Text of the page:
The Pennsylvania Push
It's another big week in presidential politics, with Hillary Clinton needing a very big win tomorrow in Pennsylvania over frontrunner Barack Obama to maintain relevance and John McCain trying to show he's a "different kind of Republican" with his tour of the "Forgotten Parts of America."
John McCain is doing quite well. He's ahead of Obama and Clinton in many, though hardly all, polls at a time when the Republican president is near record levels of unpopularity. His party's far right wing is acceding to the obvious and starting to come on board. Clinton and company show signs of wanting to torpedo Obama into unelectability, though it's unlikely the Democrats would reward her four years from now with the nomination she was supposed to win so handily this time out.
But for all the ongoing battling between Barack and Hillary, McCain isn't building much of a lead. Obama, with 1.4 million contributors, mostly on the Internet, has raised three times as much money as McCain. And while last week was dominated in our media by endless talk about such things as small town values and flag pins -- driven, naturally, by people who don't have small town values or wear flag pins -- and that's good for the Republicans, some other things happened that might have more lasting impact.
The price of crude oil shot up seven dollars a barrel last week alone, hitting an all-time of $117 per barrel.
Gasoline is crashing through the $4 per gallon "barrier." It became ever more apparent that the country is in a recession. And that there is no coherent strategy to eradicate the leadership cadre of Al Qaeda in Pakistan, with one of Israel's staunchest supporters, new House Foreign Affairs Chairman Howard Berman, a backer of the Iraq invasion, receiving a congressional investigative report.
So McCain's tour of the Forgotten America -- now called the "Time For Action" tour -- comes at an important moment. McCain kicks things off today in Selma, Alabama, at the Edmund Pettus Bridge, site of the infamous 1965 incident known as "Bloody Sunday" in which peaceful civil rights marchers were attacked by police with clubs and tear gas. From Selma, says the campaign, "John McCain will travel across the country visiting regions that have been forgotten and left behind by our nation's elected leaders."
He'll tour such places as Alabama's "Black Belt," so-called for the color of the earth there, and coincidentally heavily African-American, the old steel town of Youngstown, Ohio, Appalachia, and perhaps New Orleans. McCain wants to show that he is a Republican who can relate to blacks, Latinos, and economically distressed whites.
If Clinton somehow finds a way to overcome Obama's lead, McCain could, at least on the margin, blunt the usual overwhelming Democratic margins among black voters. Running against Obama, McCain believes he has a shot at a big Latino vote, in part because of his work on the immigration issue that so many conservatives found upsetting. White working class and small town voters are an area of some vulnerability for Obama. Bitter, anyone? And reaching out in this way is reassuring to independent and moderate voters that McCain is not a hardline conservative.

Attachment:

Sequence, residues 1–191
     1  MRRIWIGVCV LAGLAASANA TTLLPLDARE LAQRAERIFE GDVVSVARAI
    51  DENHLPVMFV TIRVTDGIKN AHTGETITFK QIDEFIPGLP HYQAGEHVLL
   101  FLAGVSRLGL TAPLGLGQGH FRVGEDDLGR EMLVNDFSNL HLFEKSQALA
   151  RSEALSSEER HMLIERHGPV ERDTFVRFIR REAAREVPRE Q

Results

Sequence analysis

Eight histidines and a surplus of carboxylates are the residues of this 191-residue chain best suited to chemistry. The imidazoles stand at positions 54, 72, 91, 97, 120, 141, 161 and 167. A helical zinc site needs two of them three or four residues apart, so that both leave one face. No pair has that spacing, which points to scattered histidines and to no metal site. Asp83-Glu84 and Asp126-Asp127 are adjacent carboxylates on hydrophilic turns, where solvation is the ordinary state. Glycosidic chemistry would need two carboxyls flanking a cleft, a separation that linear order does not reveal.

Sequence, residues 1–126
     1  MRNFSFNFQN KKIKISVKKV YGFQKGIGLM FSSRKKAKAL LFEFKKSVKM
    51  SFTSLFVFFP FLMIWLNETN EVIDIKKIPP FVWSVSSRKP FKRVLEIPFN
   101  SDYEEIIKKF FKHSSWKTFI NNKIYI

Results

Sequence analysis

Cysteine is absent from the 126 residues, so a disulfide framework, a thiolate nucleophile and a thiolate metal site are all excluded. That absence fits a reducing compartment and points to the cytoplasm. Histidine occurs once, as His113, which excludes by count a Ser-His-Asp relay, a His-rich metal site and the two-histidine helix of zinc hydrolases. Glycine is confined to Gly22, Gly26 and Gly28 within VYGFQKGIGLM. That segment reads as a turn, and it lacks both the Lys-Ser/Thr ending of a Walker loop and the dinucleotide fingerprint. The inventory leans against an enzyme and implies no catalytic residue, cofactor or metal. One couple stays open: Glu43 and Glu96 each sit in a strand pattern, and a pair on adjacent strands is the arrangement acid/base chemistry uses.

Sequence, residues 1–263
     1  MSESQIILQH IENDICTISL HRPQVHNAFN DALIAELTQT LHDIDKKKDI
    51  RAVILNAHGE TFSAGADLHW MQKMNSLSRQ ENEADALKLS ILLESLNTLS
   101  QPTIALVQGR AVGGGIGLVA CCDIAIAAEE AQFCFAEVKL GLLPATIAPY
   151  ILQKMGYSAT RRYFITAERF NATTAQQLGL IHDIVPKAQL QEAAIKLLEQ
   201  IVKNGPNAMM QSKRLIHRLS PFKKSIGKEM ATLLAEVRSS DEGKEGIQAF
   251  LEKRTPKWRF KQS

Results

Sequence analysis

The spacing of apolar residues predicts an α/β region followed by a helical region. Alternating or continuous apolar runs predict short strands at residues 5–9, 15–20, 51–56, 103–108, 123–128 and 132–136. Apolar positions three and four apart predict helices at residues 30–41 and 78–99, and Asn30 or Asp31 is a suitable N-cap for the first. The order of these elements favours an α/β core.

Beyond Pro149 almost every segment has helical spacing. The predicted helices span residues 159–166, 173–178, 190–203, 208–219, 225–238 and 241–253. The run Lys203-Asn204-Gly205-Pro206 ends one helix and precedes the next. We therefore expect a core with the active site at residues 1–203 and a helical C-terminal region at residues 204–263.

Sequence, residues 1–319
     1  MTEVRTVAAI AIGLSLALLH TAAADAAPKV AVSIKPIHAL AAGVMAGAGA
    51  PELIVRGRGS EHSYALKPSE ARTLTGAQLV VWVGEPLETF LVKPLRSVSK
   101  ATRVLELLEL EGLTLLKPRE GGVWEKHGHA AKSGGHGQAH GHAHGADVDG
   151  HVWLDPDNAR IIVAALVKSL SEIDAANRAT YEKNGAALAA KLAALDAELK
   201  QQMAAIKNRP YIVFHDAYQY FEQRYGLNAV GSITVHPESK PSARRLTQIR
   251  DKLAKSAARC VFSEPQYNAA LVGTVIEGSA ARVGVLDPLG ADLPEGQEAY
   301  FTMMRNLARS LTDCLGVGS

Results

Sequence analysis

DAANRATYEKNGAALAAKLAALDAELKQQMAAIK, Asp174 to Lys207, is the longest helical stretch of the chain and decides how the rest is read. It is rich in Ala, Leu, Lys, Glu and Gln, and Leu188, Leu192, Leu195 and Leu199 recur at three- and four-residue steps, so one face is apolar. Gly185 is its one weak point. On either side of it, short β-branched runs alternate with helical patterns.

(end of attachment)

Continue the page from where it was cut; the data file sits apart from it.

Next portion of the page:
Of course, the Democrats aren't going to simply allow McCain to cherry pick their constituencies. The Democratic National Committee will dog him every step of the way this week. And he may struggle to show how his economic policies are different from those of the unpopular president. While he's bashing some corporate titans for greed, the most direct boost in his package for lower and middle income voters is a summertime suspension of the federal gas tax. His middle class tax relief, aside from allowing higher deductions for children, mainly consists of a repeal of the alternative minimum tax. That would mostly benefit people making over $200,000 a year.
Still, symbolism counts for a lot in politics. It will be interesting to see how the Vietnam War hero fares in some places that would certainly not be welcoming to the current occupant of the White House.
Tomorrow night in Pennsylvania, we'll get a better idea about how much longer the brawl for the Democratic presidential nomination will last. This is probably, due to its older demographics and closed-to-independents primary, the best big state in the country for the Clintons. Hillary needs a very big win there to make any dent in Obama's lead in earned delegates and the popular vote. Even if she gets that, it's hard to see her making up much ground elsewhere in the other contests remaining between now and June 3rd, when Montana and South Dakota close out the primary and caucus season.
The Clinton attacks on Obama have done more to drive up her negatives than Obama's. And her Bosnian Adventure has been more damaging than the Wright Stuff and Bittergate. Hillary's level of trustworthiness has plummeted, perhaps rendering her unelectable as a result even though the Republicans have not attacked her, concentrating their fire instead on Obama.
If Clinton fails to win big tomorrow in Pennsylvania, look for more big-time Dems to consolidate around Obama. Last Friday was a very telling day, with Southern Democratic icons Sam Nunn and David Boren -- the former Georgia senator who ran the Senate Armed Services Committee and the former Oklahoma senator who ran the Senate Intelligence Committee -- coming out for Obama. Along with liberal former Labor Secretary Robert Reich, Bill Clinton's Oxford classmate when they were Rhodes Scholars together 40 years ago. And Hillary Clinton's Yale Law classmate after that.
More of that is in store.
I'll have full "Game Day" coverage of the Pennsylvania primary throughout the day tomorrow, working with bloggers and contacts inside and outside of the contest state.
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